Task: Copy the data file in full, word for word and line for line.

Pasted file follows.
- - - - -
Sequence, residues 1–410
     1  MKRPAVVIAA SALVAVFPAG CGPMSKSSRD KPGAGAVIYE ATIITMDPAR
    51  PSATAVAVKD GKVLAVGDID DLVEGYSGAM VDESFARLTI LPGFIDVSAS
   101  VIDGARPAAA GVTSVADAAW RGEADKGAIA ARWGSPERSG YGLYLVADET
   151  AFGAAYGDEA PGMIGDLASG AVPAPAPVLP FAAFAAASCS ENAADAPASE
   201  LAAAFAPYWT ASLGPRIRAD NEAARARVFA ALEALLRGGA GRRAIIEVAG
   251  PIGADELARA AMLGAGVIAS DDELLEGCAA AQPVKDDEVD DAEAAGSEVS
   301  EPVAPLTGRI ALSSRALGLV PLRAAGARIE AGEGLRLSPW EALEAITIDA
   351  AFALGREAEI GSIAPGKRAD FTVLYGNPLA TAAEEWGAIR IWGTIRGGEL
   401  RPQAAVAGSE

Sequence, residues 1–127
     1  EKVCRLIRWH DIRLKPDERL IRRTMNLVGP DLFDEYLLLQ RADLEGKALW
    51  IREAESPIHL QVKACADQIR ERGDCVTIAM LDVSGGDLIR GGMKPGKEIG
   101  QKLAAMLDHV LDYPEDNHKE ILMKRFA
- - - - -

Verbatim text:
Sequence, residues 1–410
     1  MKRPAVVIAA SALVAVFPAG CGPMSKSSRD KPGAGAVIYE ATIITMDPAR
    51  PSATAVAVKD GKVLAVGDID DLVEGYSGAM VDESFARLTI LPGFIDVSAS
   101  VIDGARPAAA GVTSVADAAW RGEADKGAIA ARWGSPERSG YGLYLVADET
   151  AFGAAYGDEA PGMIGDLASG AVPAPAPVLP FAAFAAASCS ENAADAPASE
   201  LAAAFAPYWT ASLGPRIRAD NEAARARVFA ALEALLRGGA GRRAIIEVAG
   251  PIGADELARA AMLGAGVIAS DDELLEGCAA AQPVKDDEVD DAEAAGSEVS
   301  EPVAPLTGRI ALSSRALGLV PLRAAGARIE AGEGLRLSPW EALEAITIDA
   351  AFALGREAEI GSIAPGKRAD FTVLYGNPLA TAAEEWGAIR IWGTIRGGEL
   401  RPQAAVAGSE

Sequence, residues 1–127
     1  EKVCRLIRWH DIRLKPDERL IRRTMNLVGP DLFDEYLLLQ RADLEGKALW
    51  IREAESPIHL QVKACADQIR ERGDCVTIAM LDVSGGDLIR GGMKPGKEIG
   101  QKLAAMLDHV LDYPEDNHKE ILMKRFA